How many times have you found yourself shouting this from the audience when rehearsing with your young actors? If you’re like me, MANY TIMES.
By far one of the biggest challenges when rehearsing with kids is getting them to speak loud enough for the audience to hear. It’s not natural to speak in a “stage voice”, so it takes practice and a lot reminding.
Below are 5 fun and effective ways to get your young actors to keep their vocal energy up!
1. Utilize Blocking. If a scene allows for it, consider staging kids a little farther apart if they have a dialogue exchange. Often if kids are right next to each other they’ll automatically resort to their normal “talking to a friend” voice. However if they’re farther apart on stage, their natural inclination will be to speak louder. This is particularly effective if you have a hero/villain conflict.
2. Arden the Ant. I often rehearse in an auditorium where there is almost always a clock high up on the far back wall. I like to invent an imaginary character, Arden the Ant, who lives up on the that clock and has the tiniest ears. Arden LOVES stories, and so badly wants to enjoy the play. Make sure you speak loud enough so that Arden can hear! Do it for Arden! (No clock? Try an exit sign, a school banner, etc.)
3. Imitation. Imitation is sometimes a quick and easy way to help a kid understand what it feels like to speak at a loud volume. Tell the actor to copy exactly how you say the line. First say it in a normal, quiet voice (the actor repeats). Then say it in a super loud projecting voice (the actor repeats). Tell the actor to remember that energy, that’s what every line should feel like.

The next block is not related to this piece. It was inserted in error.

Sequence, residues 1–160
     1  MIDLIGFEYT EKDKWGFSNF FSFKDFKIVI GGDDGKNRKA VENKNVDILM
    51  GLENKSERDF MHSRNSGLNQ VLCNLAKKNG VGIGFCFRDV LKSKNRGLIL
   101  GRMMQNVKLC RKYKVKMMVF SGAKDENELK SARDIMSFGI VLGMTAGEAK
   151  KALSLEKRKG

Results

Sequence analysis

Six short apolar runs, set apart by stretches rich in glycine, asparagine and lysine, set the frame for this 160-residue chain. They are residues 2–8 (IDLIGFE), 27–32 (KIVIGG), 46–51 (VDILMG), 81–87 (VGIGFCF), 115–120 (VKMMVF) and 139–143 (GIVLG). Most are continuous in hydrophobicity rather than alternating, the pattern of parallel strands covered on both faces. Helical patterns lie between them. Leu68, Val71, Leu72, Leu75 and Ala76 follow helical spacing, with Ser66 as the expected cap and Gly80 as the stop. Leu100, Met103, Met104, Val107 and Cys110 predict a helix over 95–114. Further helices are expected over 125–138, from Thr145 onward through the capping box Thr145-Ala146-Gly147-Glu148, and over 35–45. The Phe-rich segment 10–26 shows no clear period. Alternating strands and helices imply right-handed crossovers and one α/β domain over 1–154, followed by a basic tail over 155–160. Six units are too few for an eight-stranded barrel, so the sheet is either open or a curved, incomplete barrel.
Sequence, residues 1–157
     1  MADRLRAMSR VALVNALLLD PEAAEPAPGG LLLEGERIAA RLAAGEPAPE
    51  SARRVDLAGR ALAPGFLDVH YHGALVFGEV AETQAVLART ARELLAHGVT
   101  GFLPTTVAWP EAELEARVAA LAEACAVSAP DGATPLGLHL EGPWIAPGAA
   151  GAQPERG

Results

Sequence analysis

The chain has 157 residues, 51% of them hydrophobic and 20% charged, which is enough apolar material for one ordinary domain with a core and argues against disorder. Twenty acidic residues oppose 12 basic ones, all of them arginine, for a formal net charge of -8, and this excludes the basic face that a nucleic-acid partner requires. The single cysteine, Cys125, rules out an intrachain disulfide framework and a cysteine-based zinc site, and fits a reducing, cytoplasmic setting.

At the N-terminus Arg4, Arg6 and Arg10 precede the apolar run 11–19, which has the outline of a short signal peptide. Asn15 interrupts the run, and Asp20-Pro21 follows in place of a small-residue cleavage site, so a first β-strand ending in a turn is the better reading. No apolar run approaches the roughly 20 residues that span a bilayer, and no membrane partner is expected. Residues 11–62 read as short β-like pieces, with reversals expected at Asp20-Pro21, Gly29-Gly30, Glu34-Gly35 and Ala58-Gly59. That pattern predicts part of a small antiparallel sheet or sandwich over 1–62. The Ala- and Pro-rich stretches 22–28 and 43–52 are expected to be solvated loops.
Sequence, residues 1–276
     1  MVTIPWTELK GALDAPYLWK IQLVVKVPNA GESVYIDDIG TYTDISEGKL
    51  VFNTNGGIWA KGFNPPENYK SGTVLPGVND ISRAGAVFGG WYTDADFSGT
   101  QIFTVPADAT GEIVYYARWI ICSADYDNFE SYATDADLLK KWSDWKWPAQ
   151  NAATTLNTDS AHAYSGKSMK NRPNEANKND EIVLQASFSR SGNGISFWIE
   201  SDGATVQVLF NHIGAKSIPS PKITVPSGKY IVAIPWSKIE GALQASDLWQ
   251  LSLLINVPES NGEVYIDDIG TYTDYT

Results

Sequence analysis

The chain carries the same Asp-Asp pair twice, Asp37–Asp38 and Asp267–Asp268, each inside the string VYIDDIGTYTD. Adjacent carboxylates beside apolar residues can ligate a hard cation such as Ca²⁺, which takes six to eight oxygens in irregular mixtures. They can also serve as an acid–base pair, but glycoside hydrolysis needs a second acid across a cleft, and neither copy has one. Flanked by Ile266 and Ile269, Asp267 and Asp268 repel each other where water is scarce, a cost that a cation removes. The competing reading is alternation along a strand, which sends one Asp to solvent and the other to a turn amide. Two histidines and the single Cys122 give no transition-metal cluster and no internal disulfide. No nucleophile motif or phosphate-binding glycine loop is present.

4. Student Volume Test. Ask an actor who isn’t in a scene to sit in the back row of the auditorium. Tell him his role is the “volume tester”. Every so often say “freeze” during rehearsal, turn towards the kids in the back row and say “volume test”. The kid will either put thumbs up or thumbs down, depending on whether he could hear the lines. Adjust accordingly. (Another option is to have a full rehearsal where you tell all the actors if you’re not in a scene, you should sit in the back row of the audience. After rehearsal have them reflect on what they thought about the volume. This will help them understand WHY it’s so important to speak loudly.)
5. High Energy Warm-Up. Before a performance, it’s important that kids are in a high-energy mindset. As close to the curtain time as you can, lead a warm-up that gets them pumped up vocally and physically. Practice making dramatic expressions and lead an ensemble building high-energy call and response.
Do you have other techniques you have found to be effective? Would love to hear it, leave a comment below!
Written by Denver Casado
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